My Tutor would have been another useless teen sex movie if not for the superb performance of Crispin Glover. There are some funny moments throughout the film, and it's definitely worth 90 minutes of your time. Be sure to check out the freeze frame at the end of the movie, it's ludicrously tragic, and tragically ludicrous. Success!
*** This review may contain spoilers ***
It would be literally impossible to count how many sex comedies were
actually made in the 1980's but a few do stand out and you can probably
put this harmless little fiasco on that list. Story is of course about
an 18 year old high school student who desperately and badly wants to
get laid and lose his virginity. High School senior Bobby Chrystal
(Matt Lattanzi) flunks his French class and his wealthy parents are
forced to hire a tutor named Terry Green (Caren Kaye) so that he can
get into Yale.
*****SPOILER ALERT***** Bobby and his best friend Jack (Crispin Glover) have failed at brothels and with easy waitresses and they can't help but turn their attention to Bobby's beautiful tutor who skinny dips at night in the Chrystal's pool. Terry does her best teaching Bobby his French lessons and they become close but things change (for the better) when she is jilted by her boyfriend and accepts Bobby to be her new lover.
This was only the third film that George Bowers had directed at the time and he had worked mainly as an editor in low budget sex comedies (The Pom Pom Girls, Galaxina, The Beach Girls) before throwing his hat into the ring as a director. Does this film attempt to exploit the nudity that was required of Kaye (and the other actresses, as well) and use it as the main selling point? Of course! The reason all those films were made was to exploit the actresses and get as much sex and nudity as possible in the story and Kaye was always smart (a Masters and Doctorate in psychology) and knew exactly what she was doing. The story does possess actual moments of tenderness and we do believe that these two characters like each other and it's primarily the reason that this film stands out in the genre. All of these films do have the usual hijinks woven into the plot but I had a very hard time believing that a good looking young guy like Lattanzi never had a girlfriend through his entire span in high school. Lattanzi never amounted to much as an actor (how could he have been taken seriously with that soft voice?) and he would of course end up becoming MISTER Olivia Newton-John. This film does offer a look at a young Crispin Glover in an early role but the script has him relegated to being the horny friend who mutters lines such as "Boy, am I going to hit the ceiling tonight" and later heading to Mexico to get laid. Kaye was always beautiful to look at but she also possessed a natural charm that was very evident in her efforts and when she's not swimming nude in this film she actually delivers one of her best performances. If viewers can get over the fact that this is (undeniably) an exploitation sex comedy than they might also notice the genuine sweetness that does exist in the story that's brought to life by two attractive actors.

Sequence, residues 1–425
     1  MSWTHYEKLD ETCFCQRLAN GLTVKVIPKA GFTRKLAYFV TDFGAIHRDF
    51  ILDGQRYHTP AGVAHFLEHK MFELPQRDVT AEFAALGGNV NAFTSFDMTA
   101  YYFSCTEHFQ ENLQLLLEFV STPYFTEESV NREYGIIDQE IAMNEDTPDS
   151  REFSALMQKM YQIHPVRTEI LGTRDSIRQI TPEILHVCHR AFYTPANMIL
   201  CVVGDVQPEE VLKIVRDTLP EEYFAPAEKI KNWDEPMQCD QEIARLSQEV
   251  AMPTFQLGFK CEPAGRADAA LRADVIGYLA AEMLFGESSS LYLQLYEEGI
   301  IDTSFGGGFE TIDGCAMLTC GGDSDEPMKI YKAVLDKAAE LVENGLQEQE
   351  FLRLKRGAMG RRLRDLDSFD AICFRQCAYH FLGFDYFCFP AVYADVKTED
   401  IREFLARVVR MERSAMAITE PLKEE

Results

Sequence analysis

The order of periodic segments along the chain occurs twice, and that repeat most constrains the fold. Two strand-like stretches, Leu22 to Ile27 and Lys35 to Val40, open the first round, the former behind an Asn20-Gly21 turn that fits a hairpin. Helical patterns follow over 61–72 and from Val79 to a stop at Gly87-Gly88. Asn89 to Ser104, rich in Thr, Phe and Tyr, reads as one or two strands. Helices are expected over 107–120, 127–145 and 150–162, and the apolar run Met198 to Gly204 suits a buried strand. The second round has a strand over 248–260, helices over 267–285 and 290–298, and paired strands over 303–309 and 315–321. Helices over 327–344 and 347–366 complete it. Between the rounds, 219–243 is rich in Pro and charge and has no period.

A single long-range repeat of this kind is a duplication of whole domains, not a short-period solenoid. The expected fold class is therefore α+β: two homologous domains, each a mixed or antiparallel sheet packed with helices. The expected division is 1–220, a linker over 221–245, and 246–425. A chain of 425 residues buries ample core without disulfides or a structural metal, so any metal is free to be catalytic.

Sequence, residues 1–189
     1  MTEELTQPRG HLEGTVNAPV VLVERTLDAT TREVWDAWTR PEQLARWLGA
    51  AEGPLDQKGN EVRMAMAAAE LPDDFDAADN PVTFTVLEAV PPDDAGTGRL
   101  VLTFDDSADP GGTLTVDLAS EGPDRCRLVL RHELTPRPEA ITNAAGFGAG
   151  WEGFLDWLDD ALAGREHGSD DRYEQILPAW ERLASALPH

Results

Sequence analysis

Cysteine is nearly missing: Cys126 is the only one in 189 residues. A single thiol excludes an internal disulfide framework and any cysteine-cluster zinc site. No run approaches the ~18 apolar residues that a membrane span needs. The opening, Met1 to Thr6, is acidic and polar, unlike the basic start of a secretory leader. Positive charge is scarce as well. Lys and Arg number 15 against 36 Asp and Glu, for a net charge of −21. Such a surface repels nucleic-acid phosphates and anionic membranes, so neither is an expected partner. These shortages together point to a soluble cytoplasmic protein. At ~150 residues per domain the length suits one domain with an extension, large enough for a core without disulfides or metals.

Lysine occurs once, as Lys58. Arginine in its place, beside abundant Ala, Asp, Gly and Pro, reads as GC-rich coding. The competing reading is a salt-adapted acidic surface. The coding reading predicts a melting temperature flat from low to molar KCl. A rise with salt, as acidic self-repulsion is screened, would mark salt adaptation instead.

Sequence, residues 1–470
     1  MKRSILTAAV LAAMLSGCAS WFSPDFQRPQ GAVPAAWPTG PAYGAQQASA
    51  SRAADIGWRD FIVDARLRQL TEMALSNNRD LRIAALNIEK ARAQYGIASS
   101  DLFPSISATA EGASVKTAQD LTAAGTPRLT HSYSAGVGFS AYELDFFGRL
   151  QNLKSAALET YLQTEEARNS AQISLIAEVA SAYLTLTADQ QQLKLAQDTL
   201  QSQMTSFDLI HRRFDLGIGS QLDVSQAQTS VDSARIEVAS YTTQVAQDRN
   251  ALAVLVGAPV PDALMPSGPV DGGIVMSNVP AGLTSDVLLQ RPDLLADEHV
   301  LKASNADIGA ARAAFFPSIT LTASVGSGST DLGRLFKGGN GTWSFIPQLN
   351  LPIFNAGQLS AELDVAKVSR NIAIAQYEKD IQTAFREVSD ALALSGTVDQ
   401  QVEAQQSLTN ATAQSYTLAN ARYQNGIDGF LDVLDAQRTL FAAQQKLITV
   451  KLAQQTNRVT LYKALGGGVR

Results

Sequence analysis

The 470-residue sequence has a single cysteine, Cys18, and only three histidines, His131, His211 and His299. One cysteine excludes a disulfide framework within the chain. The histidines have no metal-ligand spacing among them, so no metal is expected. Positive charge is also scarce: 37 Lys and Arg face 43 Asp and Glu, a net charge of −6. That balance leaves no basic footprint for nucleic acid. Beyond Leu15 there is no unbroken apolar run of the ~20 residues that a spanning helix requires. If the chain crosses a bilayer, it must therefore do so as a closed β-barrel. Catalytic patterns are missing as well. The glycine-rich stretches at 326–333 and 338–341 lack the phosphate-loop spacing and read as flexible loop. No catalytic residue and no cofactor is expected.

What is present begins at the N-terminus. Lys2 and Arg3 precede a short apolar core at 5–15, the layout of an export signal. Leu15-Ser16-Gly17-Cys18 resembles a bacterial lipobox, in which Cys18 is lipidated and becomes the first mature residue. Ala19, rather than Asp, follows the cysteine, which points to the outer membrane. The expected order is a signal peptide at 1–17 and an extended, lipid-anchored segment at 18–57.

*** This review may contain spoilers ***
Nice, but awkward and still virginal high school senior Bobby Crystal (a charming performance by the hunky Matt Lattanzi) flunks his French class, so his overbearing sleazy jerk wealthy dad (a perfectly smarmy Kevin McCarthy) hires the sweet, yet alluring tutor Terry Green (a winningly sexy and vibrant portrayal by the gorgeous Caren Kaye) to teach him French over the summer so he can pass a crucial exam and still get into college. Naturally, Bobby and Terry wind up having a steamy affair. Director George Bowers, working from a fairly thoughtful and sincere script by Joe Roberts, maintains a steady pace and a pleasant lighthearted tone throughout. Yeah, there's the expected tasty distaff nudity and raucous raunchy humor, but amid all that racy stuff we also get a considerable and refreshing amount of real heart and warmth. Lattanzi and Kaye make for attractive and appealing leads; their love scenes are surprisingly tender and erotic. The ever-wacky Crispin Glover contributes a hysterically goony turn as Bobby's horny nerd friend Jack. Moreover, there's sound acting by Arlene Golonka as Bobby's ditsy mom, Bruce Bauer as slimy yuppie Don Sylvestor, Clark Brandon as Bobby's smoothie buddy Billy, and the insanely cute Amber Denyse Austin as Bobby's fetching gal pal Bonnie. Popping up in nifty bit roles are Kitten Natividad as a buxom prostitute, Jewel Shepard as a fantasy girl, and future director Katt Shea as a mud wrestler. The infectiously bouncy soundtrack, some red hot aerobics, and those choice garish 80's fashions (gotta love those leg warmers and leotards!) give this flick a certain funky Greed Decade period charm. Mac Ahlberg's glossy cinematography gives the picture a sparkling bright look. Best of all, we even get a solid and positive central message about doing what you want to do with your life. A total delight.
I saw this movie when I was a kid and since the plot has been gone over numerous times I won't even get into that. Suffice to say, what you see is what you get. This movie falls into the "male hormone" genre of movies but it really wasn't so bad, the movie was tasteful compared to some of the garbage that's out today and it actually had a somewhat interesting plot with decent chemistry among the leads so girls could actually find it watchable as well as males. The setting was quite pretty as well. Make no mistake though, this is geared directly toward the teenage boy. The movie doesn't even try to be original but I liked how both the leads characters' were actually-well-developed somewhat. The movie's main flaw is the totally awful title but for what it is it's all right and I'd actually rate it a 5 or 6, you could do worse with a movie of this type.